LONDON.- Haunch of Venison
London presents Forever Foreign - the first UK solo show of Bengali-American artist Rina Banerjee, introducing the New York-based artist's complex, seductive, corporeal oeuvre.
Banerjee's drawings, sculptures and assemblage depict mythical, visionary worlds, reflecting the artist's Western and Indian backgrounds with intense colours and hybrid flora and fauna. The fantastical floating world Banerjee creates is reminiscent of Indian miniature paintings, and comes from an interest in Victorian culture; the thirst for exploration and knowledge, lust for the travel and curiosity in the "other". The work explores specific colonial moments that reinvent place and identity as complex, diasporic experiences. The work's aesthetic and cultural beginnings underline how our perceptions of place, home, foreign, domestic and the exotic are 'stained' by the specific cultural properties of the objects that fill them.
Banerjee's sculptures are typified by her sensual and suggestive use of a wide variety of found objects, both artificial and natural, and her deployment of complex and unusual spatial configurations. Her sculptures often hang, or are cantilevered out from the walls, seemingly weightless, incorporating stitching, weaving, scattering and binding, entangling boundaries between object-making, sculpture and craft. Architecture is a repeated concern, and Forever Foreign will include the work, Take me, take me, take me..... to the Palace of Love, a large-scale fabric work depicting a levitating and diaphanous pink Taj Mahal.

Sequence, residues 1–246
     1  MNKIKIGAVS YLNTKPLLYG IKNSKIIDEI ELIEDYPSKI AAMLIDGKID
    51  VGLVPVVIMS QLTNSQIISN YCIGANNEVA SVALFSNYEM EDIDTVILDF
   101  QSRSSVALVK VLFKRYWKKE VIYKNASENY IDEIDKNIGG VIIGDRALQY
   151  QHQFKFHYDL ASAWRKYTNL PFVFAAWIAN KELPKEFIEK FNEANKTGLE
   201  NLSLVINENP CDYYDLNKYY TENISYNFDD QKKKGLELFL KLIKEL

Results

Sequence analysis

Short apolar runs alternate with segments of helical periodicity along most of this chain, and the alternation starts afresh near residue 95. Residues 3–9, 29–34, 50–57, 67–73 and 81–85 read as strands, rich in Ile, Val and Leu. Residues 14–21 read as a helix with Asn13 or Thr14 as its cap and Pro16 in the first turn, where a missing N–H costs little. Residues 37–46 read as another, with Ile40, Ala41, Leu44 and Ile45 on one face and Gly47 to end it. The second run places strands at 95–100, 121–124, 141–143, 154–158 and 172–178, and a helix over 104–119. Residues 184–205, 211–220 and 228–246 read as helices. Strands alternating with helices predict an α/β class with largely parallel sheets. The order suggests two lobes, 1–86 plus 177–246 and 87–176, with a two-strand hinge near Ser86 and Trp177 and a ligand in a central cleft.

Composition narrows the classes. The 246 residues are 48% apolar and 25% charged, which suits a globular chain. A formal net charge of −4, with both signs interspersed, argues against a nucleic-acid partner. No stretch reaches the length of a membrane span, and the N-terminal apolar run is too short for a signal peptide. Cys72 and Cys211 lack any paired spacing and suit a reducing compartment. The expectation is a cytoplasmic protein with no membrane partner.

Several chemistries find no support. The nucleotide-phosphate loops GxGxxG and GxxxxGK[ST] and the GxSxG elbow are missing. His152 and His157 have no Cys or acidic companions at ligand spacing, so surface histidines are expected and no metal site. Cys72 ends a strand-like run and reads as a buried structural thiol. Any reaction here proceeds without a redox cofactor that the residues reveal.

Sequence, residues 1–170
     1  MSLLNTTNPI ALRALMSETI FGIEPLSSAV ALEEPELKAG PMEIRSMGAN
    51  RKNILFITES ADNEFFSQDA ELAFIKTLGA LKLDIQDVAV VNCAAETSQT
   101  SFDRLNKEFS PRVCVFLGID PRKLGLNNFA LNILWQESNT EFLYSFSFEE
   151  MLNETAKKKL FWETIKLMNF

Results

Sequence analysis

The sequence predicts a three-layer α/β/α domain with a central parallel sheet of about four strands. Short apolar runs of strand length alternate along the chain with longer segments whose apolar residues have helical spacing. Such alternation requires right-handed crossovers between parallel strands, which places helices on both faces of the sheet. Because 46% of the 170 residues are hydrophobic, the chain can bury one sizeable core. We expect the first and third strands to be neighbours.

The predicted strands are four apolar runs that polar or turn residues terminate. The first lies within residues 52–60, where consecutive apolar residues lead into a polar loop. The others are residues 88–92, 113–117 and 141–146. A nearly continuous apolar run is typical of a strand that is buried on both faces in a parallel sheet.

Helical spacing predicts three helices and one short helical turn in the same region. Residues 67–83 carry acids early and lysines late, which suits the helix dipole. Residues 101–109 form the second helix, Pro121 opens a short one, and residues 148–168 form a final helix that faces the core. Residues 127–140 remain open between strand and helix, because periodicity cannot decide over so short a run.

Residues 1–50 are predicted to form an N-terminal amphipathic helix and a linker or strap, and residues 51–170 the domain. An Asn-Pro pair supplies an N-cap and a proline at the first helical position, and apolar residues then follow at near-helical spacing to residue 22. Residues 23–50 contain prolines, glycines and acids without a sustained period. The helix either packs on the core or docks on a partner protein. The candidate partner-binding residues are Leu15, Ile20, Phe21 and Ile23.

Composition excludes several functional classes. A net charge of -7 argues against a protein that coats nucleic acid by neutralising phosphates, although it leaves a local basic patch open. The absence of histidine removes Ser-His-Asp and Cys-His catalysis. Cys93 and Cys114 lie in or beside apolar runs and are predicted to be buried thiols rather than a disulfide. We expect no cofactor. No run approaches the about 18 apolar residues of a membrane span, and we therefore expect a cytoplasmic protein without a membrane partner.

Certain motifs recur throughout her work, chiefly the umbrella which constitutes an important reference to her native Kolkata and in shape reminds us of natural forms such as trees and mushrooms, plus in use it demarcates private space and the outside world. Banerjee's vision is one in which objects and images slip between the cultural and man-made, the natural and organic. Other recurring motifs include shells, eggs, and skulls, and boldly coloured fans. The works often have wild and poetic titles such as Tortoise and ivory, cinnabar, a single lustrous pearl all of it sprayed money as if it where new gold, which hint at the opulent materiality of her visual language.